So the idea of this restaurant was conceived almost 2 years ago by ownerYuda Schlass, who many know as the Hipster part of Hasid + Hipster. Yuda has been in the kosher restaurant scene for years and I first met him when he was doing sandwiches in his apartment. Fast forward years later, he and his chefElior Balbulare making us re-think what Israeli cuisine is really about. There is no schwarma here, yet there is falafel but not in a pita but rather a deconstructed falafel they call falafel tartare.
But before we get to the food, Chef Balbul is a name you're going to hear a lot about. I first met him over a year ago when he did a one night pop up collaboration in Brooklyn with other chefs for the New York Wine and Food Festival. He worked with mega chef Meir Adoni in Israel and he brings the same out of the box, bold flavors that Adoni and many Israeli restaurants are now doing. Not really seen here in the States under kosher supervision, the cuisine is certainly different and you need to really study the menu to know what you're getting (but be assured it's going to be accompanied by tehina). Although, it is fun sometimes to not read the 10 different ingredients and just enjoy the complexity of a dish.
In some way, I would say the restaurant is Pardes like in that it's highly routed in seasonal ingredients, there are many layers to each dish and these items are presented to us in a specific manner. But what you're supposed to do is take your fork, move everything around, grab all the components of the dish and dig in, after all that's the Israeli mentality? You're encouraged to share plates as you taste really bold and strong flavor combinations. These are not dishes you can create at home, and isn't that the point of going out? Expand your pallet, be adventurous.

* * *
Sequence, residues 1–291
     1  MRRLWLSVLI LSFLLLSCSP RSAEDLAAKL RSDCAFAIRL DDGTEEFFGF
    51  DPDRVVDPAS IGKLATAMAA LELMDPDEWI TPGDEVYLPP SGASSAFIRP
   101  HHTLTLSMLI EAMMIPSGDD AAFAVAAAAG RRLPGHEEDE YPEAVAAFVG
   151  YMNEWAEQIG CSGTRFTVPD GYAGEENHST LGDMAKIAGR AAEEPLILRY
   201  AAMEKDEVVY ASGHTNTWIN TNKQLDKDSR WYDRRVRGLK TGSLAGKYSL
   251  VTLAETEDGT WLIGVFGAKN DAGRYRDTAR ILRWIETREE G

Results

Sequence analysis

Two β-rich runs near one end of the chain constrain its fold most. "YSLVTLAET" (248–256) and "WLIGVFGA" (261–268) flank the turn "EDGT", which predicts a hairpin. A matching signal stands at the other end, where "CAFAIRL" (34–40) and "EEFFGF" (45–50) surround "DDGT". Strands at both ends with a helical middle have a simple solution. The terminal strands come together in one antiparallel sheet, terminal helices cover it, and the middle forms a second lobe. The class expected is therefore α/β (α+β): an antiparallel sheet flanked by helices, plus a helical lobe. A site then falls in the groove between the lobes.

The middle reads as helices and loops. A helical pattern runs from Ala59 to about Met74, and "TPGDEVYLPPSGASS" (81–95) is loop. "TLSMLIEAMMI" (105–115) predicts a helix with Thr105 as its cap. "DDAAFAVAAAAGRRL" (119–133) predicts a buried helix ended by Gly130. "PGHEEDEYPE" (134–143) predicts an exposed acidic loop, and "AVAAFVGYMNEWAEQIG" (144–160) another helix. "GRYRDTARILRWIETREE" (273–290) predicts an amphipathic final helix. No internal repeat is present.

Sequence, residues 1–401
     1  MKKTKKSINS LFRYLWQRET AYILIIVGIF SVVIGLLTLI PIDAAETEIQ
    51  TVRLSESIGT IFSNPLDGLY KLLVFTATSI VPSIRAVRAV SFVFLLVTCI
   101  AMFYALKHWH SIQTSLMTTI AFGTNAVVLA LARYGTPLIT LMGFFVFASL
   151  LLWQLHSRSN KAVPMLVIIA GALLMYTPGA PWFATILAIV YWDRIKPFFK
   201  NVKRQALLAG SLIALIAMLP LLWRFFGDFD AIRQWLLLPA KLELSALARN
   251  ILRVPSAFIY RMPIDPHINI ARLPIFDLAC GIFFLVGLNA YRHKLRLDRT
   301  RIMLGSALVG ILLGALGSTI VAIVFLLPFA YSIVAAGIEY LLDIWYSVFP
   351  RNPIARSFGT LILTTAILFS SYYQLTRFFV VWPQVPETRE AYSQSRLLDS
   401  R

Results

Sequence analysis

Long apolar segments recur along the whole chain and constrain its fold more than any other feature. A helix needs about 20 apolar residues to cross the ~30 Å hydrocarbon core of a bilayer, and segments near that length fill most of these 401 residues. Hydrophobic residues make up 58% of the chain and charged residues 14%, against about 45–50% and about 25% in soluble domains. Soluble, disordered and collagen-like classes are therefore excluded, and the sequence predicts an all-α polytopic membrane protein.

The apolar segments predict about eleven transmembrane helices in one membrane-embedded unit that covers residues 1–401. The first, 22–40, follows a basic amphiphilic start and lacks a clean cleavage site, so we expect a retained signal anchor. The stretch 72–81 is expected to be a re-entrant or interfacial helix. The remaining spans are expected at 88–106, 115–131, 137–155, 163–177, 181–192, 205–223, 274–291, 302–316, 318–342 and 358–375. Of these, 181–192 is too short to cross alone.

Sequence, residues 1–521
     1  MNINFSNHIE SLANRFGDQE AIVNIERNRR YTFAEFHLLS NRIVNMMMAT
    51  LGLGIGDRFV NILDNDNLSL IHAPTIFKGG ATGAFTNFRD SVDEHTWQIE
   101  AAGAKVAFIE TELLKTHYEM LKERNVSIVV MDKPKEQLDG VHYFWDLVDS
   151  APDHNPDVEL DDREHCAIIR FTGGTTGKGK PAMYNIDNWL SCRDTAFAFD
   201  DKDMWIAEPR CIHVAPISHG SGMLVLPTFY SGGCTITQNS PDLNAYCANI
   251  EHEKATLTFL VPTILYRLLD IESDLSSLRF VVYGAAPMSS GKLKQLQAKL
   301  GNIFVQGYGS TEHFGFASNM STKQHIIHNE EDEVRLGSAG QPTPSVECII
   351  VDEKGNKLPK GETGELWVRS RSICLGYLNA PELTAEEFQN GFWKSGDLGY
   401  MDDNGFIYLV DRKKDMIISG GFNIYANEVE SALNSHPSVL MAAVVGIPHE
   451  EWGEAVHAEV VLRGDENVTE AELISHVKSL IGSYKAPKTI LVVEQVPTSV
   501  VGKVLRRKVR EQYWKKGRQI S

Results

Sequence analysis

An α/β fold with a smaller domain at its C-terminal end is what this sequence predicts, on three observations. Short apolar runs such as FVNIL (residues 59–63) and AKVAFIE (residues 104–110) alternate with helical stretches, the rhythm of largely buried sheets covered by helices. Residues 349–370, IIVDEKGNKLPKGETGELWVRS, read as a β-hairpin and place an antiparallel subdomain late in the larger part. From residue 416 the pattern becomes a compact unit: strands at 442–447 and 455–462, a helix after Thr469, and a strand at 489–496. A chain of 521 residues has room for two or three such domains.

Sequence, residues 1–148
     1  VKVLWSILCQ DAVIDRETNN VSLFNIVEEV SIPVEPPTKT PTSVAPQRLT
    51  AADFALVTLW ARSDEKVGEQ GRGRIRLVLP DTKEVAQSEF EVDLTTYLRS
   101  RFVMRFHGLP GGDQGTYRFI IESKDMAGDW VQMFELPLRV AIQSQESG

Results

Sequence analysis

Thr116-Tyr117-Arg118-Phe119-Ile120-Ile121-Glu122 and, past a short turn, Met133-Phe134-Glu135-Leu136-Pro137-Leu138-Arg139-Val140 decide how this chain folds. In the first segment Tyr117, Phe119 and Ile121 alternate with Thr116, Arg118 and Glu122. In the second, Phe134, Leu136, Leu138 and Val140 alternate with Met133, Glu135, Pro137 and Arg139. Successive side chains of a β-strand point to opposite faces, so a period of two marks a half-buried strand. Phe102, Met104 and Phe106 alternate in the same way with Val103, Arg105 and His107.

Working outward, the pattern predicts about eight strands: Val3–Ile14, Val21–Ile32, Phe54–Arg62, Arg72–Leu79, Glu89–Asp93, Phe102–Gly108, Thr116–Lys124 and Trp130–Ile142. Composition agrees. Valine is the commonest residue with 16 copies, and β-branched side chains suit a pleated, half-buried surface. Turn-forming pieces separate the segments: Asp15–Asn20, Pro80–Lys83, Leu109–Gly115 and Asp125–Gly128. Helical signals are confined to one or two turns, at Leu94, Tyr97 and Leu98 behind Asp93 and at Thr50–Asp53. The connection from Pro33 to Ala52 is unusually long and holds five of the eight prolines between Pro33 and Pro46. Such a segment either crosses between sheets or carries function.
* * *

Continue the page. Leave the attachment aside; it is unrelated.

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The open kitchen restaurant has only 50+ seats, counting the 6 seats at the bar that will be used as a chef's table. There one will be able to order from a prix fixe menu where you will get specialized one on one attention with the chef all night. He will bring you dish after dish until you say dayenu (enough) and dessert will be served. Schlass has many ideas in store for the restaurant like Sunday family style serving, but that will come down the road. But because the restaurant is somewhat "cozy" you do sit beside your neighbor. For some in may be too close, for others, it lends to the togetherness of the restaurant and communal feel - they actually have a communal table when you first enter the restaurant. Happens to be that my wife and I were sitting next to two lovely ladies who were big fans of the group (that made them even lovelier) but it really was a nice, comfortable atmosphere that everyone will enjoy. Now keep in mind, they are not even officially opened, so expect them to figure out dishes that work and presentations that need to be tweaked. But it's going to be fun seeing people posting about this place for years to come.